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Hyperspectral remote sensing for detecting geotechnical problems at Ray mine

While many or most geotechnical problems at open-pit mines are related to geological structures or discontinuities, highwall movement and failure can also occur as a consequence of nonstructural geological factors. Nonstructural causes of movement are not amenable to detection by conventional geotechnical sensing techniques such as LiDAR. In this case study, we applied hyperspectral remote sensing for large-scale mapping and detection of minerals at a non-structure-related ground instability in the highwalls of the Ray mine near Tucson, Arizona.

The spectral images, obtained and integrated with radar images and the geological map, show that the dominant spectrally active mineral underlying the unstable area is the swelling clay montmorillonite, whereas kaolinite and white mica are more common in more stable parts of the highwall. The montmorillonite is concentrated in an outcropping altered diabase and conglomerate that underlie more competent rocks, providing a potential lift and slip surface. This study shows that hyperspectral remote sensing can aid in geotechnical slope characterization, particularly for nonstructural causes of failure.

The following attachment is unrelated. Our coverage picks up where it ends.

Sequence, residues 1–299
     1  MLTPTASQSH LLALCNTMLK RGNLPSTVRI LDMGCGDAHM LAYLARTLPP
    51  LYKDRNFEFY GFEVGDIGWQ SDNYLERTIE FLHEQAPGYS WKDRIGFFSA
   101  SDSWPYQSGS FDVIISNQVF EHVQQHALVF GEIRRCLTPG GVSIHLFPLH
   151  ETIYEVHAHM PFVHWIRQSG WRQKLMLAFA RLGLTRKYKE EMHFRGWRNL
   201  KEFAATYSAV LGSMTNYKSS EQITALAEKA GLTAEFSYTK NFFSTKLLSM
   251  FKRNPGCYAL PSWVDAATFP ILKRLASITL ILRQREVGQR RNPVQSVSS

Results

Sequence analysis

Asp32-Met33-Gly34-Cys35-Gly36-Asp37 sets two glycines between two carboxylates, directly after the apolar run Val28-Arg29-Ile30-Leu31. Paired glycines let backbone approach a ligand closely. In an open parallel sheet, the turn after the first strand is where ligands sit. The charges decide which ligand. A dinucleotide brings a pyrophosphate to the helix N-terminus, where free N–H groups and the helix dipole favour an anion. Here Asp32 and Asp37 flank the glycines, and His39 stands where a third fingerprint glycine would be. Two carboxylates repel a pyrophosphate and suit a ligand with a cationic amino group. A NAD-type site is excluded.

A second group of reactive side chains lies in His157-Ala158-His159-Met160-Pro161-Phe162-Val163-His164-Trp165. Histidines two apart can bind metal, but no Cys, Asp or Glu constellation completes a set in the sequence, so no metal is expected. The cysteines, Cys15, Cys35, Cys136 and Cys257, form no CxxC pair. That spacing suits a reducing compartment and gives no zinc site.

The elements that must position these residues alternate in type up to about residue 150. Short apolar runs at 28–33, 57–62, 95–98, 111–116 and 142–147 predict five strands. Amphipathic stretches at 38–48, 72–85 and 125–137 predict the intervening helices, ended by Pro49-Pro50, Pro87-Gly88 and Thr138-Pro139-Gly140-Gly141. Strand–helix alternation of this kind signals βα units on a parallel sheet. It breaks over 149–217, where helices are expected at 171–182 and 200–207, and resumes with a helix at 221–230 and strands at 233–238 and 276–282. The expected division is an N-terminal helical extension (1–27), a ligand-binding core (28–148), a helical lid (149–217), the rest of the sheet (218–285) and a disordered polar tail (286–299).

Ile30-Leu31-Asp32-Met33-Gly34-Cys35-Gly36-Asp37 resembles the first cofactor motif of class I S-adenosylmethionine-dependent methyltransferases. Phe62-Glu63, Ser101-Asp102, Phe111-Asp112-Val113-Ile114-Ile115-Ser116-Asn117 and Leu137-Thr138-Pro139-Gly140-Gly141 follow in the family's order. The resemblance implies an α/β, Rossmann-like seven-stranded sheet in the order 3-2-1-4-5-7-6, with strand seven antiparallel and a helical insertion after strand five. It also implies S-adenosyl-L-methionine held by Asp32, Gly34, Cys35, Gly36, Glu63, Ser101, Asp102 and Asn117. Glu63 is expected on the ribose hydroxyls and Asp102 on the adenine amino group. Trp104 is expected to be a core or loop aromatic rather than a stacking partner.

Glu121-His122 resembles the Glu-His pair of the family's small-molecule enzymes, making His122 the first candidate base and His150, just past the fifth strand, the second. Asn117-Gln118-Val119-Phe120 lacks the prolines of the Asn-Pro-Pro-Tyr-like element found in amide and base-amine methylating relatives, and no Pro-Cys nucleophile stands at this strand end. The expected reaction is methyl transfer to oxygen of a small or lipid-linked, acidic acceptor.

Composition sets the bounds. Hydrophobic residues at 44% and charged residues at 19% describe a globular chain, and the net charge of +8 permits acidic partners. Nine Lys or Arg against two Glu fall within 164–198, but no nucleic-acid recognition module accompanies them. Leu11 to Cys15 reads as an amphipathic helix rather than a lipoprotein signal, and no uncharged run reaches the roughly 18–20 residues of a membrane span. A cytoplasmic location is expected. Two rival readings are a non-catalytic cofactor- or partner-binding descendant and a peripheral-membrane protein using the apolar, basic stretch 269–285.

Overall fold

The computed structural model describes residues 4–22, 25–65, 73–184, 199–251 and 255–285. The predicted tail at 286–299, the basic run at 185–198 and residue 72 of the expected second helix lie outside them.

We provide a brief overview of best practices for hyperspectral remote sensing in geotechnical applications (combining drone- and tripod-mounted sensors, integrating hyperspectral with LiDAR and radar data, and using an iteratively refined spectral library based on site-specific sampling supported by ground truth).


Jingping He, Isabel Barton

Published in:

Engineering Geology Volume 292, October 2021, 106261


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